I met Lillian when I was about sixteen. She had just published The Rock Encyclopedia, and I devoured it, read it cover to cover. This was pre Creem, and almost all there was for music junkies was Hit Parader, Teen Beat, and 16 Magazine. So of course I bought her book. And corrected it. The spirit of the book was wonderful, but the facts were all askew, and for a … Continue reading Correcting Lillian
Two great Roxon-related finds on YouTube (neither of which I’ve yet seen, the first of which I absolutely intend to watch). Mother of Rock: The Life and Times of Lillian Roxon (Uploaded by TV Ontario, in its entirety, though apparently not viewable outside of Canada.) Mother of Rock: USA Premiere – Producer’s comments + Q&A Continue reading Lillian Roxon x 2
Lillian Roxon, 1969 Continue reading Future Roxon
Via Roots 66, a very, very fine picture, this is. Continue reading Lester & Lillian
Lillian Roxon, Mother of Rock by Robert Milliken. Mint, used, $4.95. (I never saw a copy of this when it was new, would happily have purchased a copy then.) I believe there are now three count-’em-three biographies about rock critics? (Not including former rock critics who became better known as musicians, i.e., Patti Smith.) Roxon, Paul Nelson, and Bangs — the only ones I know … Continue reading Purchase of the Week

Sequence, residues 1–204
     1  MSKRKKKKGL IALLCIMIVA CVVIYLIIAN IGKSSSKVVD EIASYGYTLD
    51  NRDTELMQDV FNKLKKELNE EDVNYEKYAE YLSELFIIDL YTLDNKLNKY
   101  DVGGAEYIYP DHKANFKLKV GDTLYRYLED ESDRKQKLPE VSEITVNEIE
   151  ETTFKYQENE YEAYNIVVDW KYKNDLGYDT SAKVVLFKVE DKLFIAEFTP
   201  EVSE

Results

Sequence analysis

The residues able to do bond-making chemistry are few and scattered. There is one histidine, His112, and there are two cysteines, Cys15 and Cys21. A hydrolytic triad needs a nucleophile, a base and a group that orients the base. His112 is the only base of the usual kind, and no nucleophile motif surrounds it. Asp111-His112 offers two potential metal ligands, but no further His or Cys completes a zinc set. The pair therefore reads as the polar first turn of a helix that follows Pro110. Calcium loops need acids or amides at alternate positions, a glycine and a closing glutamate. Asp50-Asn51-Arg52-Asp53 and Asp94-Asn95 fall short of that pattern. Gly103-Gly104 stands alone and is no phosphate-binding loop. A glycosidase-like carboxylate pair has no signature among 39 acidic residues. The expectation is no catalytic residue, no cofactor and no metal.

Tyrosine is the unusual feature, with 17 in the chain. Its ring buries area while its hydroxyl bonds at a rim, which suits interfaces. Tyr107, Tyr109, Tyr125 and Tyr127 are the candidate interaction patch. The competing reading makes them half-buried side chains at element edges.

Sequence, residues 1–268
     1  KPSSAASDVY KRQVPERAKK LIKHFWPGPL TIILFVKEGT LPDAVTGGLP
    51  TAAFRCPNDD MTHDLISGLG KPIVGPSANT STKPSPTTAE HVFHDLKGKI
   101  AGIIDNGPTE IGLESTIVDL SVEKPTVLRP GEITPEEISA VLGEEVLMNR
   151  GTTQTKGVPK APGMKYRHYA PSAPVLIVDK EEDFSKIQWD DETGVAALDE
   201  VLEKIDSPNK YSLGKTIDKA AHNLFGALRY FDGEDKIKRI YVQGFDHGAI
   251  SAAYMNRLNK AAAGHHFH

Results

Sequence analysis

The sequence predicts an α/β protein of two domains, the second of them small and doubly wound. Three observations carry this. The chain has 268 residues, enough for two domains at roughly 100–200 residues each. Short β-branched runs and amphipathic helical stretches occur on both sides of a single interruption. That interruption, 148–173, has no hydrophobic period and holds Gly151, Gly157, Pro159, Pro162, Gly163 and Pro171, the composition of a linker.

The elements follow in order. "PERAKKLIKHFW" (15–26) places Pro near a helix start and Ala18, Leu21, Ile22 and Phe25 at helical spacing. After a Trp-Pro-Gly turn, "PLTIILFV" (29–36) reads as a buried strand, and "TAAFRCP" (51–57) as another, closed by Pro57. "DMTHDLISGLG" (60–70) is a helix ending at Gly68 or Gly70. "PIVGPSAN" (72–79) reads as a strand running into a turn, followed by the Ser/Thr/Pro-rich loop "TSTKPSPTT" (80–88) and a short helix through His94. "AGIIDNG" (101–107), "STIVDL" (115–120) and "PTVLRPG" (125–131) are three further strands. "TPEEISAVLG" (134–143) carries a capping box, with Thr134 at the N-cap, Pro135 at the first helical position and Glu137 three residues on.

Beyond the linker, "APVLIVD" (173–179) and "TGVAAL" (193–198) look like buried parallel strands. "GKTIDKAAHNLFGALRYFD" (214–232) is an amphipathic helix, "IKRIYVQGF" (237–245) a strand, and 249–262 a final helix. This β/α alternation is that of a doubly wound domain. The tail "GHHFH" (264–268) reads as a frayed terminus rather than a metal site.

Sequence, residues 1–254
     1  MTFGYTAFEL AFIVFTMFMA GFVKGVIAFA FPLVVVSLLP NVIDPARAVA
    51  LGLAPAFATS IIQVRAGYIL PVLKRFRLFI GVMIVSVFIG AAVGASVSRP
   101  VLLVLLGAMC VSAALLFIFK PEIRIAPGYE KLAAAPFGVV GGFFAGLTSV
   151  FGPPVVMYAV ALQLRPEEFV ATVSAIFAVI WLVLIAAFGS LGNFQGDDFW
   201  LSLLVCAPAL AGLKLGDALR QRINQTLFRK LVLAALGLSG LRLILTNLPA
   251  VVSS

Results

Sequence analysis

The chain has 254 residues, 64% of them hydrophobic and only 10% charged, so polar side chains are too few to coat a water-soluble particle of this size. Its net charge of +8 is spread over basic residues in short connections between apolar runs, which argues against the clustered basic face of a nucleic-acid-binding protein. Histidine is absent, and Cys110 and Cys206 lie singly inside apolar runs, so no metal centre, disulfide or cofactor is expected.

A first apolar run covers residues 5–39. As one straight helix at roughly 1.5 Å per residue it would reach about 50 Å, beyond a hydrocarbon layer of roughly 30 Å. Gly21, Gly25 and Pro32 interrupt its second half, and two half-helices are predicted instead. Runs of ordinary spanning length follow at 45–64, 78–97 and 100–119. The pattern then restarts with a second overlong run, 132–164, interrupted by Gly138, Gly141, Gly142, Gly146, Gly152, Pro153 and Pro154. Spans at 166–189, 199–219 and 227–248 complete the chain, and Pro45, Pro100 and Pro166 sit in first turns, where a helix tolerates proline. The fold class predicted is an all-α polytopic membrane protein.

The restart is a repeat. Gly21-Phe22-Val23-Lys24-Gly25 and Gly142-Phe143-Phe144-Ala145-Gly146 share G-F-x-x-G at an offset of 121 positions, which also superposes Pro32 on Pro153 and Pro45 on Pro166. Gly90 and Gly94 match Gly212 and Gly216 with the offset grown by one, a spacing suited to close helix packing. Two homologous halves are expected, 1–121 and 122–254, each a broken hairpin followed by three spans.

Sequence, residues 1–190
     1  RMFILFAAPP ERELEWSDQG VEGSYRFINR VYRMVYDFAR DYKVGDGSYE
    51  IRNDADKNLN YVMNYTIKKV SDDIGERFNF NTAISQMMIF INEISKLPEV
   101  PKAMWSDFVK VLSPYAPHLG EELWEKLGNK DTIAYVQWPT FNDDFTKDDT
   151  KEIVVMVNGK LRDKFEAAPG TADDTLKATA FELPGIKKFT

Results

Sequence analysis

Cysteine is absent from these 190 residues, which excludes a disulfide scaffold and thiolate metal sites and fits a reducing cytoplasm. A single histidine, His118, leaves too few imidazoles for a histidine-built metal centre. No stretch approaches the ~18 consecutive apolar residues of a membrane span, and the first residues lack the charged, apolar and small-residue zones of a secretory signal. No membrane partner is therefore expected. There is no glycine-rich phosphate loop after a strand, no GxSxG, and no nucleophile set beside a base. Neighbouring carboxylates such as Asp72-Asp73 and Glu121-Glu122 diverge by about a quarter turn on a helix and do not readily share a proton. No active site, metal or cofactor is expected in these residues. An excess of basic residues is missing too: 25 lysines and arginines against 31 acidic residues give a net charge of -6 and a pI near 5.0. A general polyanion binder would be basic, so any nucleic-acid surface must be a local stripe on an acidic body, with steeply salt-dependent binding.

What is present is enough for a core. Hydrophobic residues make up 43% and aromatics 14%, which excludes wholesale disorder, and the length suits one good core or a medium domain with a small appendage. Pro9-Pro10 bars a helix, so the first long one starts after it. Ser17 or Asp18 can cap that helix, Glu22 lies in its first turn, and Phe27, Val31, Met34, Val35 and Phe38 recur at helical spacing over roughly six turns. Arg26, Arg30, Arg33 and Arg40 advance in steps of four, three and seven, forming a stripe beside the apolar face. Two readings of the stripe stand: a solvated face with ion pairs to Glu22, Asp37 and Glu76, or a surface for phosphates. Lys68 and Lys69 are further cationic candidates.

First I’ve ever heard of this — a 2010 movie about Roxon, directed by Paul Clarke. This played at the Toronto International Film Festival, so of course I didn’t see it (given that I live in Toronto, I’m not sure how I could have arranged to do so). Trailer and information here. Continue reading Roxon on Celluloid
Two people have e-mailed me recently, saying, in effect, “what about Lillian Roxon”? Clearly, this is in response to all the stuff I’ve been posting about Ellen Willis, and I guess there is a kind of meme floating about that Willis is the first (or let’s say the first significant) “female rock critic.” Weird that people are mentioning this to me, given that I’ve avoided … Continue reading What About Roxon?
Beyond fantastic that this exists. Thank you world. Continue reading YouTube: Lillian Roxon, 1973